Now we’ve looked as some of the most common symptoms that affect singers and some of the ways we can try to alleviate them, what else can be done? and what about all these popular quick fixes?
Can food and drink affect my recovery?
Some seem to think yes! What you eat and drink may affect your recovery, some foods may irritate the throat, some can dehydrate, and some can coat your throat – the latter sometimes isn’t such a bad thing when your poorly and steering off singing for the day as it can help soothe. There is a long list of things singers should potentially avoid which can be found here, this isn’t a lifestyle change – more of something to think about if your voice is feeling tired or aggravated. As with all things, not everyone may notice a difference with the things the eat and drink but I believe if your suffering every little helps!
Quick Fixes & Remedies
You really do want to avoid any quick fixes herbal or medicinal unless you really need it and if you do you shouldn’t be singing – this isn’t just about recovering in time for a gig now this can wipe you out for months if you can’t sort it now it will save you from losing more income or practice time in the future.
So along with steaming lets look at some of the ways we can deal with your cold – its easy to head for a quick fix or cold and flu tablets/cough sweets, but which ones will actually help and which ones will make you worse?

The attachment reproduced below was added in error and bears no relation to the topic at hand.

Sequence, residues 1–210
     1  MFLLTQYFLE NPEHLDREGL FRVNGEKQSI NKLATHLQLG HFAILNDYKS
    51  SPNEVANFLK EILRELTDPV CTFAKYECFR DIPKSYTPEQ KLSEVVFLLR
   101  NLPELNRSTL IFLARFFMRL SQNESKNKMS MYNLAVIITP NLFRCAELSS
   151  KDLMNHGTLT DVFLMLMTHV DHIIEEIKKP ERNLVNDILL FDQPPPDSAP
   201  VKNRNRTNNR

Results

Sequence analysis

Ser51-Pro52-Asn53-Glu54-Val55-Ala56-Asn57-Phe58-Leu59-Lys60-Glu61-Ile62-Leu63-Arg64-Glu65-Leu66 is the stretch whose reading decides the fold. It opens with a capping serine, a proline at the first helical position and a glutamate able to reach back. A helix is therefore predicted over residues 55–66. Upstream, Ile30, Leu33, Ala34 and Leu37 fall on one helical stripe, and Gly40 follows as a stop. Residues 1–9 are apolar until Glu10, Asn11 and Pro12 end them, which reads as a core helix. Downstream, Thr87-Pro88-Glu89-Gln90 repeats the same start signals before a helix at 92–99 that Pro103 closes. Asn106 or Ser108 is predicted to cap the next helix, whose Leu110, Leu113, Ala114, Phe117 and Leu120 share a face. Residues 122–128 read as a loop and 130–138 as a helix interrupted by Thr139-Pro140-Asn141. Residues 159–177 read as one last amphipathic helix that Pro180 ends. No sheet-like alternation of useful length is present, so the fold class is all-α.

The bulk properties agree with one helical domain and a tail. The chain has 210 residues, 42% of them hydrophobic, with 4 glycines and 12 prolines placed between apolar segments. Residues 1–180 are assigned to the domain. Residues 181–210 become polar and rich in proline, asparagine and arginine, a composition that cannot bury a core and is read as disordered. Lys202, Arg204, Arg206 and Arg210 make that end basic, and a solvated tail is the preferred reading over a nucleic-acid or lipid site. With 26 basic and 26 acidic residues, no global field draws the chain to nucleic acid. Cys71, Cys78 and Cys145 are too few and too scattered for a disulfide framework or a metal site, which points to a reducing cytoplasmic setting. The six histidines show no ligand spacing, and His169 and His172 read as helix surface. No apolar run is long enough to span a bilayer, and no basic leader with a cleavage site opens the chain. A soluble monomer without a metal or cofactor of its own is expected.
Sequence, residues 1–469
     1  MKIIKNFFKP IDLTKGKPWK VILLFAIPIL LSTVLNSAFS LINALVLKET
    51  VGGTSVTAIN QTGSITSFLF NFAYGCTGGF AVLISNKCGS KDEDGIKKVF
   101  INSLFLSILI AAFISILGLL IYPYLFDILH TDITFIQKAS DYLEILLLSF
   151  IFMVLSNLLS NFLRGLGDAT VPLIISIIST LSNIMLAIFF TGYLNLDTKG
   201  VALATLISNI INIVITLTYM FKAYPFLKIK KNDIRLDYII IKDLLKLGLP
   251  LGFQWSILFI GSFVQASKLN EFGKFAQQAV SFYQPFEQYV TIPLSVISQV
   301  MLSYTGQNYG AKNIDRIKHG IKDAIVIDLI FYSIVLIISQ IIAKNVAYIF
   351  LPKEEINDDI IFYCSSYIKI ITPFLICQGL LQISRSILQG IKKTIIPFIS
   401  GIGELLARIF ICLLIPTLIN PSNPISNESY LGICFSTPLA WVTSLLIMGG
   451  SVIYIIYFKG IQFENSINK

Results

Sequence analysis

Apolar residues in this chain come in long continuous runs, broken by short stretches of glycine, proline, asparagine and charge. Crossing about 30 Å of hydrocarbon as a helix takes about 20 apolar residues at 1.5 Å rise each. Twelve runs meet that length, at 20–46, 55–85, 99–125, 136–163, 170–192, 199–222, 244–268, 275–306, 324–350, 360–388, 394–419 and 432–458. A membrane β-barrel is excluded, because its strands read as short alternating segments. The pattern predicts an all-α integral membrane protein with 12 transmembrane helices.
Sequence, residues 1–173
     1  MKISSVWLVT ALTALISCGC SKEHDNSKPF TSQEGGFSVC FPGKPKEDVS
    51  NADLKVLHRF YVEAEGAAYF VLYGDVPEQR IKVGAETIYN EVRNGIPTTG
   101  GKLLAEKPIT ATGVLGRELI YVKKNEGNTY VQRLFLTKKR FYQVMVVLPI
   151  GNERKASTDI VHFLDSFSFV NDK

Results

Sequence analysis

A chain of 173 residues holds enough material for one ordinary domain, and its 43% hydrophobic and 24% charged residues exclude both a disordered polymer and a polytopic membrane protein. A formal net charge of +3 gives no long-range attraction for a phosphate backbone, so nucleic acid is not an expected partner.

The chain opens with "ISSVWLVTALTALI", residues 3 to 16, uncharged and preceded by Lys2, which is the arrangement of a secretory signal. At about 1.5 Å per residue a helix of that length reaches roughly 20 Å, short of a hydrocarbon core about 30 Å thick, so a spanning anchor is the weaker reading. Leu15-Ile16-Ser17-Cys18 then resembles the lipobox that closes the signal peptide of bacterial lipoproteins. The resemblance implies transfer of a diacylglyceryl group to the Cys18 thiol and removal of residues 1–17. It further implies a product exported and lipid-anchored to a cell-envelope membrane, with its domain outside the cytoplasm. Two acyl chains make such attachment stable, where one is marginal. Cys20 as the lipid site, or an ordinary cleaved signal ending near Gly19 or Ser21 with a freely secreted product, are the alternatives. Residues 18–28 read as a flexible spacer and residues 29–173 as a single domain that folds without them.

I found a really interesting article by Dr Harris an ENT Surgeon from the Voice Council site on singing through colds a while back, he spoke of how different medicines can hinder a singers recovery, he talked about antihistamines and decongestants and how they affect the mucosal membrane on the vocal folds – essentially the way these medicines work is to dry up the mucous which in turn aggravates the voice and causes irritation. What you need to remember is that your body creates mucous for a reason, it’s there to protect the folds – thats why we find the need to clear the throat repetitively after we’ve over worked the voice.